Volunteers from the US, China, England, Canada, the Czech Republic and Australia joined us to work in our English teaching, childcare, environmental and computer tutoring programs. When they weren’t volunteering and exploring Cuernavaca, participants took advantage of their free time to travel to the neighboring cities of Mexico City, Puebla, Tepoztlán, Taxco and Oaxaca. We’ve put together a slideshow to commemorate the end of our summer months, while looking forward to having our fall volunteer participants!

Posted by UnMejorHOY 17:13 Archived in Mexico Tagged mexico volunteering international cultural volunteer voluntourism cuernavaca participatory intercambio alternative_travel participatory_travel english_teaching Comments (0)

My fountain

Views from the first Oxxo

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Cuernavaca is becoming a city of fountains. It is somewhat unexpected, but there’s a logic to it. They are almost as numerous as the Oxxo convenience stores where you can buy ice cream or beer or Yoli or any other of life’s necessities that you forgot you needed until, say, 9 in the evening. Volunteers who decide to hike up the endless hill from the center to Casa HOY have been known to be saved from dehydration with a stop at the first Oxxo on Subida a Chalma, which is my favorite. There are a couple of reasons why it is. First of all, on a clear day you can see the volcano Popocatepetl (“el Popo” to close friends) from there, kind of floating in the far distance, sometimes gleaming at the top if it happens to have snow on it. The second reason is the glorieta in the center of the intersection in front of the Oxxo with a fountain in the middle of it. It isn’t anything like the fountains of Rome or even Mexico City. It’s just a large round pool with a pipe in the middle that sends up a stream of water that splashes down into the base of the fountain. It makes a very pleasant, cooling, well, splashy sound.

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When I first encountered this traffic circle, the old fountain wasn’t working. It looked very sad and abandoned. Then workmen came and began to dig out around the old fountain, smarten it up and put in the new pipe, tile the whole affair, add plants in two rows all round the base, turn on the water, and suddenly the glorieta turned glorious.

After my fountain got going again, it was as if Cuernavaca was in the midst of a fountain epidemic. Fountains began to appear everywhere. They come in all sizes, the most common being small, and are mostly simple, round, shallow pools with a stream of water shooting up; some are variations of the basic design; all liven the atmosphere whatever their size. There are fountains on the major avenues leading into the city, wherever there are islands running down their centers. These have become oases, adorned with pretty plantings and remarkably green grass. And they are nurtured by gardeners and watered during the dry season. The tankers used to water them might slow the traffic a little, but in all seasons, the plantings thrive.

Now, even less prominent avenues are becoming fountained. It is a wonderful thing to come to this place to work as a Casa HOY voluntourist and discover that not only is the work rewarding and appreciated, but it is situated in the City of Eternal Spring—or the City of Many Fountains.

Posted by UnMejorHOY 14:19 Archived in Mexico Tagged landscapes fountain mexico voluntourism cuernavaca casa_hoy popocatépetl travel_in_morelos Comments (0)

Communication is the Key

It seems that the more ways there are to talk, the less communication there really is. My sister has a brand new i-phone and I can still only get her to call me from the house phone. Sometimes I feel like the character played by Drew Barrymore in the movie “He’s Just Not that into You” –

“I had this guy leave me a voice mail at work, so I called him at home, and then he emailed me to my BlackBerry, and so I texted to his cell, and now you just have to go around checking all these different portals just to get rejected by seven different technologies. It’s exhausting.”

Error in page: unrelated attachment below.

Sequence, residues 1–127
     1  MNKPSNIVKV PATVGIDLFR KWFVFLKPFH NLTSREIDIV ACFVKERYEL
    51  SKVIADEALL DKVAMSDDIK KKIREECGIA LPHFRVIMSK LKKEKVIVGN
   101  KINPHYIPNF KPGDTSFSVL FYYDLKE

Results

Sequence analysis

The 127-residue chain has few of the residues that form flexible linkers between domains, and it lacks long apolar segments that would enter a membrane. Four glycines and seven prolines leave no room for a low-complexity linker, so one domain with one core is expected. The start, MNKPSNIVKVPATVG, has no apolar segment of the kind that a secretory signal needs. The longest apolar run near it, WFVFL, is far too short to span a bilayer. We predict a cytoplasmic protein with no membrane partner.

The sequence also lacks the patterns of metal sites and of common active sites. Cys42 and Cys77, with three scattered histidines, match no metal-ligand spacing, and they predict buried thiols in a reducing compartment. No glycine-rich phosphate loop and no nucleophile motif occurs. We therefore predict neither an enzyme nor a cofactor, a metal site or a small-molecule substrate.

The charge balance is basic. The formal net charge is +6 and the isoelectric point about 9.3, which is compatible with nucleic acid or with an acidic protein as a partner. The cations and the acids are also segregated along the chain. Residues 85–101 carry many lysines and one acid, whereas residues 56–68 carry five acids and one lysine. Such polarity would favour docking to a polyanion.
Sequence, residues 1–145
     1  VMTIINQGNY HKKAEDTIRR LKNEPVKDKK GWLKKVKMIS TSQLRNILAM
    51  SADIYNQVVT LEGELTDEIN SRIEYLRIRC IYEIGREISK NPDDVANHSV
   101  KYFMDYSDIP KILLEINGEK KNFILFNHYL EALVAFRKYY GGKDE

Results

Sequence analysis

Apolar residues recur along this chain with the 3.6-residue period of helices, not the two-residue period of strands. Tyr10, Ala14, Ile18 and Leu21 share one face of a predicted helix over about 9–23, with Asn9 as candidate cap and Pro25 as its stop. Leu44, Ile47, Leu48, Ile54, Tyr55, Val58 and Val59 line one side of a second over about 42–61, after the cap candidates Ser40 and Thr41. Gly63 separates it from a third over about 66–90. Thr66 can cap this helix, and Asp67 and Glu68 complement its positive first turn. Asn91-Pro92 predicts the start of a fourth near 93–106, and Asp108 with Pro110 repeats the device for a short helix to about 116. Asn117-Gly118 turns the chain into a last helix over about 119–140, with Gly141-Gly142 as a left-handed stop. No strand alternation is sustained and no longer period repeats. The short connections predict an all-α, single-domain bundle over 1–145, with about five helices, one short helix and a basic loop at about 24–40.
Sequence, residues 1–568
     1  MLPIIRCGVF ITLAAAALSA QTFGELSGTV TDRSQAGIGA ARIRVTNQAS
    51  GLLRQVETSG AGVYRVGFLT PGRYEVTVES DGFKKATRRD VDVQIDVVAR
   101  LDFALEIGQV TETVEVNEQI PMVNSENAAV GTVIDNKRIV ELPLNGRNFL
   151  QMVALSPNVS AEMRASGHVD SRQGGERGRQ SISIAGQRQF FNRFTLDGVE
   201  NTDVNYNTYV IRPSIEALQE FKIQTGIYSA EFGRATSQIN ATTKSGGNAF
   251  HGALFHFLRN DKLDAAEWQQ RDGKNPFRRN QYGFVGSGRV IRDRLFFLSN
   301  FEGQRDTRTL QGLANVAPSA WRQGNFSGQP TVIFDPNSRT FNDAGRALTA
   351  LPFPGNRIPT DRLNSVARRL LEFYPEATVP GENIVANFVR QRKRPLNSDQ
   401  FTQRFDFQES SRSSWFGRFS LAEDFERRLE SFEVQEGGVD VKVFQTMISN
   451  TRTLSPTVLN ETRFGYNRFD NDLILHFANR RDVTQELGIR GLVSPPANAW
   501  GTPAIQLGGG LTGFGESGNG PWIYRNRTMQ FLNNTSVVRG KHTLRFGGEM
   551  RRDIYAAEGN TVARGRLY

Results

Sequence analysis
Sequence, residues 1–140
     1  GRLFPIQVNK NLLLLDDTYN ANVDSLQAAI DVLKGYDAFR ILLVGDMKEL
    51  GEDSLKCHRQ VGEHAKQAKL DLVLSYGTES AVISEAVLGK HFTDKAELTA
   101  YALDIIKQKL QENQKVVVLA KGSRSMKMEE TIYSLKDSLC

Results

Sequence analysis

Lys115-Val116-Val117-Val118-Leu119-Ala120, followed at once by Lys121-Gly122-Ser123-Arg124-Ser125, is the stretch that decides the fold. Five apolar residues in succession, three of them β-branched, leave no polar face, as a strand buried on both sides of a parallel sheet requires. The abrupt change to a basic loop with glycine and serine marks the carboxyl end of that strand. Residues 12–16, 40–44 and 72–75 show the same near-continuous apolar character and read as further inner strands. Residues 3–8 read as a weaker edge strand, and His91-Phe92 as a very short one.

As a student or a professional, communicating by various modes of technology is essential. When it comes to volunteering, however, some people seem to opt out of communicating during their stay. They want to disconnect from the world, so they don’t check e-mail and they turn off their phones. Or maybe they’re too frustrated trying to dial a number from the crazy Mexican phones which require different area codes depending on whether or not it’s a cell phone or a home phone. (That's how I would be, anyway). Whatever their excuse is, volunteers (and people in general, I’m not just picking on participants) have a hard time maintaining correspondence.

At Casa HOY we try to limit virtual communication because, well, it’s just so much nicer to get a coffee or a beer and have a face-to-face chat with you! However, we do have a set number of emails that we send previous to your arrival at Casa HOY, as well as an IVHQ evaluation form for after your trip. For the time in between, we ask that you treat HOY staff like a good friend, sharing details about your participatory experience and voicing any questions or concerns you may have. Casa HOY has also developed a private group called for current volunteers on Facebook. There, we will update you on outings, safety issues, volunteer placement information, and anything else we think is important for you to have the greatest volunteer experience possible.

Even though you may want to avoid technology during your stay, which we very well understand, there are a few situations that you MUST notify us of, in advance, if possible (we’ll make the phone call):

  • If you’re not going to volunteer work, for whatever reason, health or otherwise.
  • If you’re not going to Spanish classes, for whatever reason, health or otherwise.
  • If you’re leaving the program early, or staying extra weeks.
  • If you get into trouble with the law.
  • If you’re not satisfied with or are have concerns/problems with your volunteer placement.

A few situations that we HIGHLY recommend you use our giant wealth of experience and contacts for:

  • If you’re sick and need over the counter medicine or to go to the doctor.
  • If you’re traveling and/or need transportation information and tips.
  • If you need ideas for games or activities for your volunteer project.
  • If you would like more recommendations for restaurants, bars and social life in Cuernavaca.

Drew Barrymore quote taken from: http://www.divinecaroline.com/22306/102966-never-lonely-anymore#ixzz20cmjZKWg

Posted by UnMejorHOY 21:38 Archived in Mexico Tagged mexico volunteering volunteers communication cuernavaca alternative_travel cell_phones facebook_group Comments (0)